CE Year in Review 2022: The year Telugu cinema went global
We look back at 2022, which proved to be an exciting year for Telugu cinema and opened up windows for filmmakers to take their stories to the next level
There’s no denying that 2022 has been an eventful year for Telugu cinema. Trade pundits might slightly differ, indicating the volatility of the box office and the fluctuating results week after week, but 2022 will go down as the year Telugu cinema went global full throttle with RRR. It will also be the year that saw fresh voices and stories emerge and more importantly, succeed. It will also be the year when audiences saw through the mediocrity at the core of some massive star-driven films, regardless of how richly they were decorated.
Let’s take a look back at what worked, what didn’t, and how these happenings are likely to influence the direction the industry takes in 2023:
The year began on a rather tepid note with the third wave of the COVID-19 pandemic thwarting grand plans for the most anticipated festive season of the year, Sankranthi. The Nagarjuna-Naga Chaitanya-starrer Bangarraju c
Things began getting slightly interesting in February, which saw Ravi Teja’s actioner Khiladi—the first big-ticket release of the year—failing critically and commercially. On the other hand, a low-profile comedy, DJ Tillu, directed by Vimal Krishna and starring Sidhu Jonnalagadda as the titular character who gets caught in a web of crimes when he learns his love interest is two-timing him, was released a day later and spun magic. DJ Tillu turned out to be the respite both the trade and the audience were hoping for. Two weeks later, the masala-laden action drama, Bheemla Nayak, starring Pawan Kalyan and Rana Daggubati in lead roles, came when the industry desperately needed a theatrical celebration, and boy! did it deliver. Fans of the film's original version, the Malayalam drama Ayyapanum Koshiyum, might not have wholeheartedly embraced the massified version but Bheemla Nayak once again showed why the masala game of Telugu filmmakers is always on point.
In March, the highly awaited Radhe Shyam, a love story starring Prabhas and Pooja Hegde, couldn’t quite become the epic it aspired to, despite being a grand visual experience. However, film buffs and the trade quickly uplifted their spirits in anticipation of the biggest cinematic event of the year, the arrival of SS Rajamouli’s RRR, which surpassed expectations, went on to break box-office records, and then did something that nobody quite expected it: create a storm globally and put Telugu cinema on the world map. RRR changed the general perception of Telugu cinema and, in fact, spelled out the distinction between Bollywood and Tollywood to the unversed. It is no exaggeration to say that RRR became Telugu cinema’s identity and is carving its place in its history books alongside classics like Mayabazar (1957) and Sankarabharanam (1980) for the sheer cultural impact it is creating as we speak. A Telugu film being considered for the Best Picture Oscar nomination or a Telugu song—the MM Keeravani composition, ‘Naatu Naatu’— making it to the shortlist of Academy Awards is not an everyday business. RRR made the world turn its head towards Telugu cinema, which is its biggest accomplishment, beyond the awards prospects.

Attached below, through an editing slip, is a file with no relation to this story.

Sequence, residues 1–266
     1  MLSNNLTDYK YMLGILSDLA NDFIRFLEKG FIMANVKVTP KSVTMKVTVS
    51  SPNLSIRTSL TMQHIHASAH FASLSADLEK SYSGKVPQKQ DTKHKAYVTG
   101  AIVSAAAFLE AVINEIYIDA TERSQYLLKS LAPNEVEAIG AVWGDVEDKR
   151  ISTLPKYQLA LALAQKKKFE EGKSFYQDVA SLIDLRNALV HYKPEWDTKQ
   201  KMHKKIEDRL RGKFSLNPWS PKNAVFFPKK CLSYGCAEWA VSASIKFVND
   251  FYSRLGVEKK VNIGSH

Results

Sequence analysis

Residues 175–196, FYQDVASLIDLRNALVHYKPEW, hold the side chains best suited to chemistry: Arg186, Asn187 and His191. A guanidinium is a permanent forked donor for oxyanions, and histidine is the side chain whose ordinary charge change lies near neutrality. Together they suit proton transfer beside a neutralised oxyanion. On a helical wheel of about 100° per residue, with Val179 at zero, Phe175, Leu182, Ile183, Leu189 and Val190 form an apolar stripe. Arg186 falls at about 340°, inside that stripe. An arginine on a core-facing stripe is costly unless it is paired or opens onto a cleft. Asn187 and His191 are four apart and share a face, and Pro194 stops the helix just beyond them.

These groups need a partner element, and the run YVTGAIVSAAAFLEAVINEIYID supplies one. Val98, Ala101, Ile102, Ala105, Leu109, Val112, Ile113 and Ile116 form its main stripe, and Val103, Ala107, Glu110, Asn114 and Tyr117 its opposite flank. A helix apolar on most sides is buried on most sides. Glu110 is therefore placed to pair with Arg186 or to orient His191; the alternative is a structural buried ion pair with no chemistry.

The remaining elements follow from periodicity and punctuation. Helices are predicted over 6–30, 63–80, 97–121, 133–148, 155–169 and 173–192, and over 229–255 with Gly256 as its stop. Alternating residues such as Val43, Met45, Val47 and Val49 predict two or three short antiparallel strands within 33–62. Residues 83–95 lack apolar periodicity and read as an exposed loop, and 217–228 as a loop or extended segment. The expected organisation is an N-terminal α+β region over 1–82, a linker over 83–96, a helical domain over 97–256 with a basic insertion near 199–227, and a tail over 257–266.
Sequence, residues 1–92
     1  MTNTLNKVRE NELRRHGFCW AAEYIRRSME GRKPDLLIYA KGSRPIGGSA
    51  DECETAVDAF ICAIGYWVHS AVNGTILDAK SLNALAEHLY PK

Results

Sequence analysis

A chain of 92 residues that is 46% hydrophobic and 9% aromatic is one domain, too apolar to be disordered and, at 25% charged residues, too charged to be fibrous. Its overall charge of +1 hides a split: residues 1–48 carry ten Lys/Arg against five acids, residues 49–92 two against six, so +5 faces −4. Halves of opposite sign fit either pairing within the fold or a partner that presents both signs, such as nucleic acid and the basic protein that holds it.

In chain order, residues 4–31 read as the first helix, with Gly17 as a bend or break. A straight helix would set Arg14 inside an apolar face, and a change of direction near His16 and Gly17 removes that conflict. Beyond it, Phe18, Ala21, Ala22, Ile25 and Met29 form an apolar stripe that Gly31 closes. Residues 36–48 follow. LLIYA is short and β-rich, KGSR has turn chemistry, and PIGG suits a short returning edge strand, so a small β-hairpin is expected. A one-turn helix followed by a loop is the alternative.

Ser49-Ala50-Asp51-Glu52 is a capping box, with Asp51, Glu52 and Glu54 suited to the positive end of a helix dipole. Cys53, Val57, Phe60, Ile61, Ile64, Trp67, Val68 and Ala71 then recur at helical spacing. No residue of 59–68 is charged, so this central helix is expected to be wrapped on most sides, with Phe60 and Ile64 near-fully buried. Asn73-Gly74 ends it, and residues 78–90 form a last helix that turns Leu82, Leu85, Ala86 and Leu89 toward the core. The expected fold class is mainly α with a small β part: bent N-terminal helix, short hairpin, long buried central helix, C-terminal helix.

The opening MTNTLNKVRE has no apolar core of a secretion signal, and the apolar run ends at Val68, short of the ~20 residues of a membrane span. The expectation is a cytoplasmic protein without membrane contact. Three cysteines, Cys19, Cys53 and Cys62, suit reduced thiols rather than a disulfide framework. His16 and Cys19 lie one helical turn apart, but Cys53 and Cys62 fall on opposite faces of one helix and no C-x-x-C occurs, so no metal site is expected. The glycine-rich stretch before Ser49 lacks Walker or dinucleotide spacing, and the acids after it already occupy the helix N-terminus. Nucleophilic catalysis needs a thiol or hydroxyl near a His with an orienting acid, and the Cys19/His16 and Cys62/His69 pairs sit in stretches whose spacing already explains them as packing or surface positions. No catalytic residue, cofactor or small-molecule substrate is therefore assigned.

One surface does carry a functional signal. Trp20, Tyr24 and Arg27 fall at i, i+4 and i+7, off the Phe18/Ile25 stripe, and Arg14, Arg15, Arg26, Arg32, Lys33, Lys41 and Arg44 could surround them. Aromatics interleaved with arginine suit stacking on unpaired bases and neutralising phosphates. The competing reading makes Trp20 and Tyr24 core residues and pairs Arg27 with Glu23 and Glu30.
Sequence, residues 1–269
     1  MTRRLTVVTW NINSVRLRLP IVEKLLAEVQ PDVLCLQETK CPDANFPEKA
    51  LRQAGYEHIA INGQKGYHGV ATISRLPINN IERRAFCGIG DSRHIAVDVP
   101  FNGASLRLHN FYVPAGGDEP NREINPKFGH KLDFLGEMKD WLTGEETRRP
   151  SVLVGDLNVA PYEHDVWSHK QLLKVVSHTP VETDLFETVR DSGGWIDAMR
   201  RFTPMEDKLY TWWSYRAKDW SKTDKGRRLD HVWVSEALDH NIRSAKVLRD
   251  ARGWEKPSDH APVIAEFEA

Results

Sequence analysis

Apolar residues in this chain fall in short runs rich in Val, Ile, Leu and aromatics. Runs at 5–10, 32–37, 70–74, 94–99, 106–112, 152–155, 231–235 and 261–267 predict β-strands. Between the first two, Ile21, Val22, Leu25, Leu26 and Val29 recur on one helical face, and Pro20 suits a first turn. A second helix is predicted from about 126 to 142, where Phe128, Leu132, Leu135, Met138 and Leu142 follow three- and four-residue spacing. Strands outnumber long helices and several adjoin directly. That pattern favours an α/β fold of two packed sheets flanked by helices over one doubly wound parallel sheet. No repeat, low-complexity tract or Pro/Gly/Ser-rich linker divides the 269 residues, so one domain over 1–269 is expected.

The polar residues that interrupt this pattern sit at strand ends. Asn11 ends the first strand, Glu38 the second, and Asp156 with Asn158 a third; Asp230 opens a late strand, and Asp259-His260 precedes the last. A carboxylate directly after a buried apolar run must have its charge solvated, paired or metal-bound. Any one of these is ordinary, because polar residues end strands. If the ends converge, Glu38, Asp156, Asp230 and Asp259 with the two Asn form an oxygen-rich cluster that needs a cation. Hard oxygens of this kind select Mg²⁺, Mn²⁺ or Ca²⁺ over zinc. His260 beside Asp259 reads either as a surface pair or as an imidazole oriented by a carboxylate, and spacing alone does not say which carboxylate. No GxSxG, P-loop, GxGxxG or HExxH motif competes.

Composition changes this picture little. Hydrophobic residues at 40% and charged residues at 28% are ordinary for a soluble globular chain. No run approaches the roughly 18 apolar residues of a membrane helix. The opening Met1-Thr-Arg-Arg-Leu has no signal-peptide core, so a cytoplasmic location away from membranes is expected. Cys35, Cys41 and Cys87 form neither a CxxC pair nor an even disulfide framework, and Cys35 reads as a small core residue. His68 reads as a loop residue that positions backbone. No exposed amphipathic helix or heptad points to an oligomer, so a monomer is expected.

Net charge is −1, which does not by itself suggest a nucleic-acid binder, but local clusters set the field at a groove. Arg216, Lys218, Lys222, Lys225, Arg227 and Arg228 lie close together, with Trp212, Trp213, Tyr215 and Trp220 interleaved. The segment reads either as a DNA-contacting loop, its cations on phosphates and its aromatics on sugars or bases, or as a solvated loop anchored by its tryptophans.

Mishan Impossible, the sophomore feature from Swaroop RSJ, was a fascinating crime comedy, led by three children, that felt like an amalgamation of Jathi Ratnalu and the filmmaker’s own crime thriller, Agent Sai Sreenivas Athreya. It delivered both laughs and thrills, and one can only wish that such genuine attempts are encouraged more. Towards the end of the month, Chiranjeevi’s Acharya—brought down by a joyless screenplay—turned out to be a mega disappointment and served as a testament that even the biggest of the names cannot salvage the situation if the script is irreparable.
May began with two authentic rural dramas that proved that the milieu of a story is as important as the story itself: Vijay Kumar Kalivarapu’s Jayamma Panchayathi and Vidya Sagar Chinta’s Ashoka Vanamlo Arjuna Kalyanam (AVAK). Both films are fine dramas, set in a lived-in world, taking on familiar conflicts and staying true to their characters. AVAK, with a strong performance from Vishwak Sen, got more visibility than Jayamma Panchayati. The bigger event of the month was Mahesh Babu’s Sarkaru Vaari Paata, which stuck to the tried-and-tested action comedy formula to hit the bull’s eye at the box office. But it did evoke the feeling that perhaps it is time for Mahesh Babu to put social messages to rest. It's overkill at this point.